This summer, WHSAD students who have been participating in the SYEP Career Clue program have been granted several opportunities to travel to various firms to meet with architects, construction managers, engineers, and other professionals who work in the building process. These trips have provided students with insights as to what it takes to succeed in such firms, the collaborative processes involved in designing structures, and the need to approach projects with an open-mind and creative vision. All of these experiences have been possible due to the support of the Salvadori Center and its teachers, Roxanne Mejia, Lauren McIntyre, and Nina Romova.
The following student narratives about the August 1st trip to engineering firm, WSP, illustrate how participating students are making the most of their summers and how the Career Clue program and the Salvadori Center have served to enhance WHSAD student growth.
On our trip to the WSP engineering firm, I saw that the design of an engineer is worth a lot when it comes to the construction of a public or private structure since the engineer has to approve everything that will be used in construction. I learned that the cost of material, construction and finishing are very expensive. We saw some examples of WSP buildings, both completed and under construction, at Hudson Yards.
Another point discussed during our trip is how there are different types of engineers such as structural, civil, and mechanical engineers. This shows that those involved in the construction process that have a certain focus and work on a specific part of the structure. Mechanical engineers focus on everything that has to do with plumbing, electricity, and water supply. The structural engineer focuses on the making of the building, from its skeleton to the skin of the building.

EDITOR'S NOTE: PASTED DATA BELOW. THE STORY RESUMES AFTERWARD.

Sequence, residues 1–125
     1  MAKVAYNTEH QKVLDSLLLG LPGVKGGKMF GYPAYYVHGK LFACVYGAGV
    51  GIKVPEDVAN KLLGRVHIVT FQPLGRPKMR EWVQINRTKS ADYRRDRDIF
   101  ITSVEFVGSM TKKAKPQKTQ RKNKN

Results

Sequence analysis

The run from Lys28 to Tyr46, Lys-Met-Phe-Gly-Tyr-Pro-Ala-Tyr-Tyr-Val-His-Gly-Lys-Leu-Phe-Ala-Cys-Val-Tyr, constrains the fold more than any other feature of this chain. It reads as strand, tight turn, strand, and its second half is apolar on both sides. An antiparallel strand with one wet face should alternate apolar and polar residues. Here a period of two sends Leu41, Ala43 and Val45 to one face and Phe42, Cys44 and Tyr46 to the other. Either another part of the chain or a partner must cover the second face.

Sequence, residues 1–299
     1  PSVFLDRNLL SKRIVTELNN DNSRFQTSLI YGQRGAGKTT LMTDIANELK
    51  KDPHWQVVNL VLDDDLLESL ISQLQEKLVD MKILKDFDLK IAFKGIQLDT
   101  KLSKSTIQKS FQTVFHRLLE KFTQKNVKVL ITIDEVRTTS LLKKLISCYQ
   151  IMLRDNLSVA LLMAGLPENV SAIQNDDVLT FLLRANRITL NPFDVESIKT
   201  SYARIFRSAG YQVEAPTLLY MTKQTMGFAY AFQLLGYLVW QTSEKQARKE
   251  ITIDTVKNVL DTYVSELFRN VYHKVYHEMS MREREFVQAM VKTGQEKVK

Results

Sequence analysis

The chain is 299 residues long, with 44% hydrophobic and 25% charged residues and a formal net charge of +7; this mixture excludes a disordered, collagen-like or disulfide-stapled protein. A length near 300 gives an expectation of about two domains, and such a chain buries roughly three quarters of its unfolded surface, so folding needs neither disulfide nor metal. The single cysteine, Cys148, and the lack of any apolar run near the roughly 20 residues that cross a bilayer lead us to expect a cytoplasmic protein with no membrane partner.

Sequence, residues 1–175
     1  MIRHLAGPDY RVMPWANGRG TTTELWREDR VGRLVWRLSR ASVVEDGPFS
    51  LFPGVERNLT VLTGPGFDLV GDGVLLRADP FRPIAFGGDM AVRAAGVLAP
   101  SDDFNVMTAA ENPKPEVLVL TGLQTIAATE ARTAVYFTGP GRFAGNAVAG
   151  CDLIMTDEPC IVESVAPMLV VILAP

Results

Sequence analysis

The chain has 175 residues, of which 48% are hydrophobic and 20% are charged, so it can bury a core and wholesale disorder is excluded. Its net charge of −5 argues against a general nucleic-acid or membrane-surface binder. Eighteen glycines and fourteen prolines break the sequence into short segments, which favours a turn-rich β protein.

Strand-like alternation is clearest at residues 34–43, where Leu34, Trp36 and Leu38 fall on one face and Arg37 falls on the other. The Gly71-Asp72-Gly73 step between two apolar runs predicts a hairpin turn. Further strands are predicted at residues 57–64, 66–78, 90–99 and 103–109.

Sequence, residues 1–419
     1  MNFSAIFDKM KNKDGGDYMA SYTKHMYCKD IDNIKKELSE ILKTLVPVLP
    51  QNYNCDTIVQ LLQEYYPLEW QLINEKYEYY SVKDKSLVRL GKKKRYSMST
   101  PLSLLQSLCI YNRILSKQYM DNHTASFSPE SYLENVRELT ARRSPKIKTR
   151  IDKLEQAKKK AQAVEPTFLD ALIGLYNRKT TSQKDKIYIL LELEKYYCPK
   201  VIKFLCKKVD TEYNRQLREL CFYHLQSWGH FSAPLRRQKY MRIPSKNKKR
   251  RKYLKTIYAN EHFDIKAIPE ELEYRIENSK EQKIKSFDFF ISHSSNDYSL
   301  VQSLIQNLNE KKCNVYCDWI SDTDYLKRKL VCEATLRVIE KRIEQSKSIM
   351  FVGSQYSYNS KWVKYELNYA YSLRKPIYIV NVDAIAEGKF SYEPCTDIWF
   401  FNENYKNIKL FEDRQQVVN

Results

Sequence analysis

One of the projects that the company is working on now is the new LaGuardia Airport building, which consists of many civil, mechanical, and structural engineers from WSP. We saw various images of the LaGuardia project and discussed aspects of the building such as traffic flow, duration of construction, and security matters due to the project being an airport.
-Alexa Medina, WHSAD Junior, Class of 2021
Thursday, August 1 was an ordinary day for WSP and the several high rise constructions taking place in Hudson Yards, but not for WHSAD’s SYEP Career Clue group and me. We marveled at 509 W 34th and the planning that went into its structure. Its spiraling structure and subtle twist as it goes higher is not a simple feat, a feat you would only expect from WSP, a world class leader in the structural engineering industry.
We took a trip to the WSP engineering consultant headquarters on Thursday as part of the Career Clue program. I expected it to be just another trip, but I was taken by surprise by how much of a power house WSP is. It’s unbelievable to think that I was able to receive insight into civil engineering from the force behind One World Trade Center’s structure. Civil engineer and our tour guide, Brendan Smith, gave us a quick rundown of the planning that goes into the construction projects taking place in Hudson Yards, as well as the renovation of LaGuardia Airport that he was working on.
As we toured Hudson Yards, we learned how each building was constructed and saw the skeletons of the structures that would be occupied by people in the future. I learned how structures were created from steel beams and reinforced concrete and the pros and cons of each material. Steel is faster to erect and efficient for larger high rises while reinforced concrete has more structural support and is optimal for smaller structures. What was most interesting, however, was that some of the structures incorporated the use of both materials to maximize the structural support while minimizing the amount of time for construction.
While I don’t necessarily plan on pursuing a field in structural engineering in particular, the information I learned is still relevant to my field of urban sustainability. It is still beneficial for me to learn about the construction process to better my understanding of how we can continue to build cities while having a positive impact on the Earth for future generations. When I asked about how I can get my foot in the door and get started in the field of engineering, Mr. Smith simply replied, “Seek out any experiences and internships you can. It’s also important to attend and graduate from an accredited college to obtain a relevant degree.” WSP also provides internships for opportunity seeking college students and continues to add members to the thousands of staff employed.
-Tyler Ng, WHSAD Alumnus, Class of 2019
Thank you to the staff at WSP for welcoming us into their work environment and taking the time to provide WHSAD students with more knowledge when it comes to the process of building in New York City and around the world.